Copycat Recipe of Panera Bread’s Turkey Chili – At one point last year I realized I was spending a ton of money at Panera Bread.  I decided I needed to attempt to replicate their amazing turkey chili.  I have no idea what their actual recipe is, but this one is the bomb!  My kids call it “chunky chili” because it has so many textural elements, but that’s what makes it so beautiful and amazing.  It’s also super healthy, low on the glycemic index, completely clean eating and gluten free.  I recently won 2nd place in our neighborhood chili cook out with this recipe against all the other beef based versions.

Pickle Brined Fried Chicken –  Okay, so I rarely fry anything at my house, but this recipe has been one of my kids’ favorites (as well as their friends) for years.  What the heck DO you do with that jar of leftover pickle juice when the pickles are all gone?  You make “pickle chicken” as my kids call it.  Yes, that sounds weird.  Yes, you can make that face.  Nope, you won’t have any left.  My kids started calling friends over for this.  I’m serious.  “Bruhh, she’s making Pickle Chicken.”  They are in college now and I miss these days.  🙁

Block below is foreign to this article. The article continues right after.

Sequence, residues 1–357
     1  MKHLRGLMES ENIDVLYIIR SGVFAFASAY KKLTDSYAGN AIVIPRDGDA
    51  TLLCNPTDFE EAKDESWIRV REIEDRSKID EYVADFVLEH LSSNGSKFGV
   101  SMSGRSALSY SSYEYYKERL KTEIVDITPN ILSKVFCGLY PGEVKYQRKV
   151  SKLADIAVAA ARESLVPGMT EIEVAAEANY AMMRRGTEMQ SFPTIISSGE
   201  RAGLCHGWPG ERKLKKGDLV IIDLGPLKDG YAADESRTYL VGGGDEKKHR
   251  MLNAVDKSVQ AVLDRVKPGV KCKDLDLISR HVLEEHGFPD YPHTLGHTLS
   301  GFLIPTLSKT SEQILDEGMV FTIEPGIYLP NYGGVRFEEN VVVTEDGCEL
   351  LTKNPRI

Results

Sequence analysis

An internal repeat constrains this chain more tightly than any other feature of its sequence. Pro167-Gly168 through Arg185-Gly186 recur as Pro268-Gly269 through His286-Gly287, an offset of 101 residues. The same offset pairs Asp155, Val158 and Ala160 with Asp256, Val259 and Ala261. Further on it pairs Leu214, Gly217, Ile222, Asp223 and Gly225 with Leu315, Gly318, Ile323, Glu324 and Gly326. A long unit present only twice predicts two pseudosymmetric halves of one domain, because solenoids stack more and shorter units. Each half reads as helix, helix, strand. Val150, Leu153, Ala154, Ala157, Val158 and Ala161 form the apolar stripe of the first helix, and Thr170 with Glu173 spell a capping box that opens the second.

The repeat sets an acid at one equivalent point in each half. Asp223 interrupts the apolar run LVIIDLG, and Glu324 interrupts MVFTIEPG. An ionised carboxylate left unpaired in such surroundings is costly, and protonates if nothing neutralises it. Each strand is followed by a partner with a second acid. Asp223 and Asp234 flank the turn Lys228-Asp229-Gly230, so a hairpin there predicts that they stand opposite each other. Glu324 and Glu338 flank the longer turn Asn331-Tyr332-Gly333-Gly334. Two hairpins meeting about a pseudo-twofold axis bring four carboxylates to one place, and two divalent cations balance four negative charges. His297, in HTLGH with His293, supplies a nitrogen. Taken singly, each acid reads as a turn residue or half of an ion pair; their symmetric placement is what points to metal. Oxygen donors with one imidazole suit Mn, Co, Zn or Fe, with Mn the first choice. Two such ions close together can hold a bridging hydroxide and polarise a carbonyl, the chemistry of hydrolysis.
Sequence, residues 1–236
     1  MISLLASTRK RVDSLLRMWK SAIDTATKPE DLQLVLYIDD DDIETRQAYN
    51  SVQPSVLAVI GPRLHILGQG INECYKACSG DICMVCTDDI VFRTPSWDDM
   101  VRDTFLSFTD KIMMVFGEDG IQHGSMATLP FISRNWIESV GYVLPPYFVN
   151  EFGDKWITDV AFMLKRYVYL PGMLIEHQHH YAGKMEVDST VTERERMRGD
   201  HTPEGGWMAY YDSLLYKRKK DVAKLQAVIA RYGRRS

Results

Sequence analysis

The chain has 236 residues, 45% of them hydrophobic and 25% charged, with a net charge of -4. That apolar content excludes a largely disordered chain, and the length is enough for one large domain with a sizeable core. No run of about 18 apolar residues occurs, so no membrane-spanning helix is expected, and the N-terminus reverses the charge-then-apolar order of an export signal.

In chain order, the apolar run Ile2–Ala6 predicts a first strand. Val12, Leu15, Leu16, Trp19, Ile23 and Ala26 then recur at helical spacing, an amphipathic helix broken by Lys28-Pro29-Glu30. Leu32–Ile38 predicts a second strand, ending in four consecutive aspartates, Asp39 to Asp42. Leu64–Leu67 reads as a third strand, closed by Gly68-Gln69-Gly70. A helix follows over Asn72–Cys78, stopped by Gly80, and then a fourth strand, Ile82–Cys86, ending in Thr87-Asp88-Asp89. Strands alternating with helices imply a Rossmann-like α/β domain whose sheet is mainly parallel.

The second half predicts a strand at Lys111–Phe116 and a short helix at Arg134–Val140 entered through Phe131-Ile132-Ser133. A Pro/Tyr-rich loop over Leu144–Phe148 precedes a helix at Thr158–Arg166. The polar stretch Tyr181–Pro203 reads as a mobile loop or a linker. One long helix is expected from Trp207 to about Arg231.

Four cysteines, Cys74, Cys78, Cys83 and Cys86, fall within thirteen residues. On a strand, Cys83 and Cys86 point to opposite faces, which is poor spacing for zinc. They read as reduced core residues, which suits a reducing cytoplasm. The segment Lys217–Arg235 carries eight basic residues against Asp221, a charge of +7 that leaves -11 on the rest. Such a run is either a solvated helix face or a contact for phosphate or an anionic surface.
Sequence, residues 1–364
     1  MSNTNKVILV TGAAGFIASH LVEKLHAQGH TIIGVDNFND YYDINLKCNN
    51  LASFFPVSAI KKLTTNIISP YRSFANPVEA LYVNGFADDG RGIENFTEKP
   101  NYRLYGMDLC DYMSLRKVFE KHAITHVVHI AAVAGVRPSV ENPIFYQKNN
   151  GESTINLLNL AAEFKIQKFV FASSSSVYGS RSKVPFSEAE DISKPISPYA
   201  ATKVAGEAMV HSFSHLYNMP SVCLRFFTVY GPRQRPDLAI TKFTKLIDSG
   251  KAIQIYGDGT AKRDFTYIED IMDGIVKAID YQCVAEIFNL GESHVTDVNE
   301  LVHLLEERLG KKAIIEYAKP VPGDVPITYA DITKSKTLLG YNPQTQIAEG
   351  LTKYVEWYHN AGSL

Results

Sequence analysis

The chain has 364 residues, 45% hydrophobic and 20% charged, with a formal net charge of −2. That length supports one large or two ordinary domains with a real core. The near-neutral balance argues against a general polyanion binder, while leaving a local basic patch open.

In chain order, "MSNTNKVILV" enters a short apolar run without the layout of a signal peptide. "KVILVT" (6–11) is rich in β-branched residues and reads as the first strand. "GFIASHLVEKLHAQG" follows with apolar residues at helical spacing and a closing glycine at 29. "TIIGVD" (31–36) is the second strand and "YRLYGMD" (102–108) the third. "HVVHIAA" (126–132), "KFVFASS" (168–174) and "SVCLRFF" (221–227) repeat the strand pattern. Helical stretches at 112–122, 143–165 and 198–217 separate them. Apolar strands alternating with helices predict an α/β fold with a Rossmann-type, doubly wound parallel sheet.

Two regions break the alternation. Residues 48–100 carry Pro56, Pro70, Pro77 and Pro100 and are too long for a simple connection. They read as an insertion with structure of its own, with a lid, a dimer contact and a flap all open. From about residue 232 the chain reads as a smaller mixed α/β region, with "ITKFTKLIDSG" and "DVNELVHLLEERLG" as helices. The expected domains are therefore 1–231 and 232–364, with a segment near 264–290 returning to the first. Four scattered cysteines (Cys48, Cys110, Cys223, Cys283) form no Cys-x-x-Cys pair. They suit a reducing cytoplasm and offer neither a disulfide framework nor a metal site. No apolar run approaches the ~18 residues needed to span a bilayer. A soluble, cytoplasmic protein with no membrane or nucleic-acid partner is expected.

Fireworks Roast (aka Beef Pot Roast) – I’ll say this is one of my favorites because no matter how old my kids get, a roast makes them feel like all’s right with the world.  It’s one of the ultimate comfort foods.  It’s also one of the easiest things to cook, but somehow so many people are so intimidated by making roast.  My kids want roast that literally falls apart when you try to pick it up with the fork.  Nobody wants tough, chewy meat!

What’s your favorite thing about Want the Recipe?

Connecting people and recipes is another piece of the puzzle in the goal of getting people to cook at home!  There is so much media telling people “You can’t cook at home.  You’re too busy.  Let us do it for you.”  Making recipes accessible and empowering home cooks with the opposite message such as “You can do this!  We’ve got you!”  is sooooo important!

What food can you not live without?

Cheese.  For a while, I took a few years off of teaching and opened a specialty cheese shop!  It was so much fun.

What kitchen appliance do you swear by?

I want to say my kitchen knives but they are probably not considered an appliance.  Probably my Kitchenaid stand mixer.  It’s really a work horse and I think you could probably make almost anything in them considering all the available attachments.  My mother has had hers for at least 20 years now and it’s still cranking out recipes.